This is a summary of the most common employer violations that might entitle you to receiving money compensation, getting your job back, or making an employer follow the law. Many employees are experiencing violations of federal or California workplace-fairness laws without even knowing it. Oftentimes, though, workers rightly sense that something is wrong with the way employers are treating their workers.

One of our lawyers will help determine if you have a claim by phone. Or, contact us through ou ONLINE CHAT. There is no charge for speaking with our lawyers. Everything you tell us is strictly confidential.

QUESTIONS?

Learn more about your employee rights. Lawyers for Employee and Consumer Rights (LFECR) is a leading California employment law firm. With 40+ remote attorneys, LFECR is able to work on behalf of clients anywhere in California. Fired unfairly? Your free consult awaits! Call 888-625-0959. IM our Facebook page.

 

 

 

 

LOWER WAGE WORKERS AT HIGHER RISK OF HAVING WAGES STOLEN

IS IT SHOCKING THAT CORPORATE AMERICA IS CAUGHT STEALING?

Maybe not. However, it is quite shocking that Corporate America is stealing from the employees that help them generate billions in revenue every year. Wage theft—-when employers fail to pay employees all legally entitled wages—-impacts all employees, across all workplaces, in all states…However, as one might expect, wage theft impacts young workers, women, people of color, and immigrant workers most of all. The majority of workers with reported wages below the minimum wage are over 25 and are native-born U.S. citizens, nearly half are white, more than a quarter have children, and just over half work full time.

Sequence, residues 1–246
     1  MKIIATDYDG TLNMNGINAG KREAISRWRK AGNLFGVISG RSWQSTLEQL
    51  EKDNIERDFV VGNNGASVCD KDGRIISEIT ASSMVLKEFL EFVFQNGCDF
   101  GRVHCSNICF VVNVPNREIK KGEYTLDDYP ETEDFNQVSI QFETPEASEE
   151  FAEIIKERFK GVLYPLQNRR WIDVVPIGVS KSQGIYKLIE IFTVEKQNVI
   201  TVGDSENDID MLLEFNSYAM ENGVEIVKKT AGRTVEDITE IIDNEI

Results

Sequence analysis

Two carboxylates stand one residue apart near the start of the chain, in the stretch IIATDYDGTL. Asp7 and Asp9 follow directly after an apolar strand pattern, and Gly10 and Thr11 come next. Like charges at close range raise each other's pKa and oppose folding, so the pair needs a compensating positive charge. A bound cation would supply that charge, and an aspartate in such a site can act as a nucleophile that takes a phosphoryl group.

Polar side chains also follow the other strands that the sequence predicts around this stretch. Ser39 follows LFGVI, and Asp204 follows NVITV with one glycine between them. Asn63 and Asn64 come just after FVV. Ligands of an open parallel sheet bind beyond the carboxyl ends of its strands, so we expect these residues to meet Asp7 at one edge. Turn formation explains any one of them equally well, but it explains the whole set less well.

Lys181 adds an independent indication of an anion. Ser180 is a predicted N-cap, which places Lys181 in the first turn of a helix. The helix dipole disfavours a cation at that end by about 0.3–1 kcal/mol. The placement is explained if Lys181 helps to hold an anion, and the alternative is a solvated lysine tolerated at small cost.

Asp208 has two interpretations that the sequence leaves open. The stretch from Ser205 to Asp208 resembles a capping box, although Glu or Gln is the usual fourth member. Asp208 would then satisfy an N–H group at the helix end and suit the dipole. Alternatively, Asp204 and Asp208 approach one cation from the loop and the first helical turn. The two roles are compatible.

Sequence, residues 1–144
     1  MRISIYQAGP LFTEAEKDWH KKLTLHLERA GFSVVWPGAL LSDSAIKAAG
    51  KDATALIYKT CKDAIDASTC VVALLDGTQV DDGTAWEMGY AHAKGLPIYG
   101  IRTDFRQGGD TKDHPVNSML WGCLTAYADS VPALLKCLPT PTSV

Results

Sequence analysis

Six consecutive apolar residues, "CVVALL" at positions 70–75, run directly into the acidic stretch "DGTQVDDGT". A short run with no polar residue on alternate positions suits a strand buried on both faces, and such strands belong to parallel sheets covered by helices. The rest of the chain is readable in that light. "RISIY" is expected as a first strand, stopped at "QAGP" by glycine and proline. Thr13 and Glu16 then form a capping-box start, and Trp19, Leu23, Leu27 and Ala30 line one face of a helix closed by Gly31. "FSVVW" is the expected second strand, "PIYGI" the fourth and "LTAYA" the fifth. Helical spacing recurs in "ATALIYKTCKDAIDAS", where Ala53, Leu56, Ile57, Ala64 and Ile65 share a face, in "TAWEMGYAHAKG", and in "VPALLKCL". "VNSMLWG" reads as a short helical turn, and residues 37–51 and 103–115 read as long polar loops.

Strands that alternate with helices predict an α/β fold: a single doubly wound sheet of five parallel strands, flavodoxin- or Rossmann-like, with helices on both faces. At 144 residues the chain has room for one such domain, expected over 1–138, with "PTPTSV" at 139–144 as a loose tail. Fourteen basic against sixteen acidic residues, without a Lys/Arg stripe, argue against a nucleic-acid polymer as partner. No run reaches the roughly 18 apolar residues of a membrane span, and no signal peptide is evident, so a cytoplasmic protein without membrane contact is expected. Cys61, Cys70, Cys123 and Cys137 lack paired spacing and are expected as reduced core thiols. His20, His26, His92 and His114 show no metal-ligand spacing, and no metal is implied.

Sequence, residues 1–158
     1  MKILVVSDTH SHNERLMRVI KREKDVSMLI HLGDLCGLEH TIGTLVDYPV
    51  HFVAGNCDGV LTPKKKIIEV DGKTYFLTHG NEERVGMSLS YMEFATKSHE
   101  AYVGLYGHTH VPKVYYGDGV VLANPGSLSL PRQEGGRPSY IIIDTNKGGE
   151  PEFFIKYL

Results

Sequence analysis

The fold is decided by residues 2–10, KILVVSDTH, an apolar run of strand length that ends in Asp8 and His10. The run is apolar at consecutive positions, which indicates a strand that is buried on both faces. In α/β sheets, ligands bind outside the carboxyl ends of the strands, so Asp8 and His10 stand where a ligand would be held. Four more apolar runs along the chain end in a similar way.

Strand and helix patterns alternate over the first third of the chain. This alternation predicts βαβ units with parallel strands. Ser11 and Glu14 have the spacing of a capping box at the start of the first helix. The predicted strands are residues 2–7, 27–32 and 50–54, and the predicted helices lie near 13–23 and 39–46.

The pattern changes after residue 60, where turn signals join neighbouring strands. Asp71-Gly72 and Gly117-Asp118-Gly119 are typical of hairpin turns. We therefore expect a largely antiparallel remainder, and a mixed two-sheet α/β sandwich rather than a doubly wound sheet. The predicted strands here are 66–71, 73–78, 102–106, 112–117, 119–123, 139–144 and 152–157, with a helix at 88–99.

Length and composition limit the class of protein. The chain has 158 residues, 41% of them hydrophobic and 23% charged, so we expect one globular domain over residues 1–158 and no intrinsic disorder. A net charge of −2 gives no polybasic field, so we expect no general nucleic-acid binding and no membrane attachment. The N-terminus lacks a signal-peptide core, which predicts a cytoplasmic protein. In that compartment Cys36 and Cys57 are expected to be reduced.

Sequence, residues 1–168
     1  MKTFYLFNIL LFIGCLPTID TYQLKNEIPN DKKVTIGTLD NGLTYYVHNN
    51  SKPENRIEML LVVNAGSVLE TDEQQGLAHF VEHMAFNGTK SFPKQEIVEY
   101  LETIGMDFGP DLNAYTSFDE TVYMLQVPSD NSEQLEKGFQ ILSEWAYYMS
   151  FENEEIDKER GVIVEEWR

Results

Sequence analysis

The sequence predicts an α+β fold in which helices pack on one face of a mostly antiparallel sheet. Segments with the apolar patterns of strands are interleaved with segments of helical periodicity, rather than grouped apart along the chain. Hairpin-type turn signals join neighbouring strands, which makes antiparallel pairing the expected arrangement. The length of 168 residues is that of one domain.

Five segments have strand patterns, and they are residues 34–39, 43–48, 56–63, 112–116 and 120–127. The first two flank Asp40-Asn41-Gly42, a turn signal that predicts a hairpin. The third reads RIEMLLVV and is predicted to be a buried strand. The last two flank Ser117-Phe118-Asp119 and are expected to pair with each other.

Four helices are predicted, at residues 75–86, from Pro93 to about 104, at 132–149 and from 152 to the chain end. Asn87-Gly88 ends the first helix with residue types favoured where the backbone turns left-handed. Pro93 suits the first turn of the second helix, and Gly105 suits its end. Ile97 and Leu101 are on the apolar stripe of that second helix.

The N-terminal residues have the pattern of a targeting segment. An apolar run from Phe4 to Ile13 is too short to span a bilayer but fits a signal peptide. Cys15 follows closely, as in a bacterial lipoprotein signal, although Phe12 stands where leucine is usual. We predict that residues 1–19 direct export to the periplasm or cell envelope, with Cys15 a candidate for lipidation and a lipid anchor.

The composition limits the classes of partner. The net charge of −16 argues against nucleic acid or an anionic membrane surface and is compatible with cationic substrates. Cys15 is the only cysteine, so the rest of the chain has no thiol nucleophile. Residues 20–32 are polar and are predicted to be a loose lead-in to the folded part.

“Wage theft is the rule, not the exception, for low-wage workers,” said Michael Hollander, a staff attorney at Community Legal Services of Philadelphia. “Low-income workers are already in this fragile balance,” said Victor Narro of the UCLA Labor Center. “One paycheck of not being able to get the wages they’re owed can cause them to lose everything.”

Wage theft is a MASSIVE PROBLEM In the 10 most populated states in the union:

  • Workers in all demographic categories being cheated out of pay